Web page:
This article from Sunday’s LA Times makes a great case study in the difference between an interesting setting and an actual movie idea:

Pagasa may be a 75-acre speck of sand and rock, but that hasn’t stopped a swarm of countries from battling over the hundreds of specks of sand and rock that make up the Spratlys, which may be the most disputed island chain on Earth.

So, in 2002, the Philippines decided to establish a small colony of hardy civilian settlers on the island, augmenting the two dozen military workers who earn special “loneliness pay” to live on the far-off spot — and bolstering its claim that possession is nine-tenths of the law.

The result is sort of “Cast Away” meets Plymouth Rock.

It’s worth reading John Glionna’s entire article, because it’s quickly clear that Cast Away is only one of many different kinds of movies you could set on the island.

Here are some elements I found compelling:

  • Isolated, together. The “volunteers” are far from home, but never alone. In fact, the island is so tiny you can’t get away from someone.

  • Primitive and modern. Despite the airstrip, most of their food comes from fishing. A bad typhoon can destroy them. Yet they keep blogs.

  • An international dispute over an unimportant piece of dirt. Is it really the airstrip the Philippines wants to protect, or its ego?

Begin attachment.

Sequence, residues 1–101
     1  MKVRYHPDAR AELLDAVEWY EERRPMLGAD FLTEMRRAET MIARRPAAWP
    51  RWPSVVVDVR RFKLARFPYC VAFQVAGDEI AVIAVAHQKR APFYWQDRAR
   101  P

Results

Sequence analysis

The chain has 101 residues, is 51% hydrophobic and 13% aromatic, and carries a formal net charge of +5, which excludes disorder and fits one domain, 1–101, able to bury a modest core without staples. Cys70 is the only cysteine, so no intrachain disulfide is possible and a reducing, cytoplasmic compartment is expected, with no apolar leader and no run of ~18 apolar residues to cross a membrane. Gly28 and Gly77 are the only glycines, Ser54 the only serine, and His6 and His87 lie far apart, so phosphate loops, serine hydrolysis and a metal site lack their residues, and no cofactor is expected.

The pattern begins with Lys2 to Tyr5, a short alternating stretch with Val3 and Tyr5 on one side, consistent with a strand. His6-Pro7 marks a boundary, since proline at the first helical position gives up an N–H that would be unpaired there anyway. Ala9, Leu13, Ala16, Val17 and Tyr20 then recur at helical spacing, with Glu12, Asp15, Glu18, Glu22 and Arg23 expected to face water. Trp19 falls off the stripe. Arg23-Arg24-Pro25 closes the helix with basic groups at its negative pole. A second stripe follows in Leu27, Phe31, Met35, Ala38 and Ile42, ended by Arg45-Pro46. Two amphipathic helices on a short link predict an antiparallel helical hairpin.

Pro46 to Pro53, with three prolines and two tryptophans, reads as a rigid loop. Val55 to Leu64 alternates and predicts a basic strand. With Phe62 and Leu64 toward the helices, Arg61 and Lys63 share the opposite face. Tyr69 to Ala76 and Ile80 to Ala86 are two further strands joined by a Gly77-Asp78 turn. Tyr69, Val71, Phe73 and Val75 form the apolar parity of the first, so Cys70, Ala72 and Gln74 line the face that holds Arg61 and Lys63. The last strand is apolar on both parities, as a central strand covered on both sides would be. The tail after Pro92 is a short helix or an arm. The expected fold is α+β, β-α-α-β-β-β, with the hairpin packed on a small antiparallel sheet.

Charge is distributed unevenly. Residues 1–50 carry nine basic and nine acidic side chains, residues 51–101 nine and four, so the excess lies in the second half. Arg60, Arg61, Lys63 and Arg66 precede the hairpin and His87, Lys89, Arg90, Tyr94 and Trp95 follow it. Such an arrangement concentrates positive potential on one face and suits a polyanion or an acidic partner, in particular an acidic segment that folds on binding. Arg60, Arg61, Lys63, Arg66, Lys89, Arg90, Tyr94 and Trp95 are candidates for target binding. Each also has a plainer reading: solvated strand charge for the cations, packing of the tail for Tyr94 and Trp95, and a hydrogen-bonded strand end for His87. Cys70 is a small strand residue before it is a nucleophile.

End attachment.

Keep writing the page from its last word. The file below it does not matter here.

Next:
What is a Pagasa movie?

Is it a thriller? Most thrillers rely on something to isolate the protagonist, either literally (Panic Room) or figuratively (The Bourne Identity). Islands work well for this. In 2002, I pitched a version of Alien v. Predator set on an island in Maine during a massive storm; Pagasa could work similarly.

Is it a comedy? Pagasa is a military installation, so it’s not hard to envision a version of Stripes, cast with a bunch of funny younger actors.

Is it a romantic comedy? Given its isolation and lop-sided male-female ratio, it’s a natural and cinematic setting.

My point is that there’s a big difference between the world of a movie (the setting, the rules, the background color) and the movie itself. And that bridging that gap is what screenwriters do.

When you’re a newish-but-working writer in Hollywood, you get sent articles like this all the time. The producer or creative exec will say, “We think there’s a movie here. Come in and pitch your take.” Generally, they’ll give you some kind of direction, like, “We see it as The Piano, but, you know, funnier.”

As the screenwriter, your job is to come up with the characters, conflicts, goals, themes, reversals and set pieces that make the story worthwhile. (In TV, you call this breaking a story.) You’re not getting paid for this, even though it may take a week of your time. Rather, you’re auditioning for a job. You want them to hire you to write it.

Most of the time, you won’t get the job. But breaking story after story is amazing practice, and each pitch helps you figure out not only how plot works, but how the movie industry works.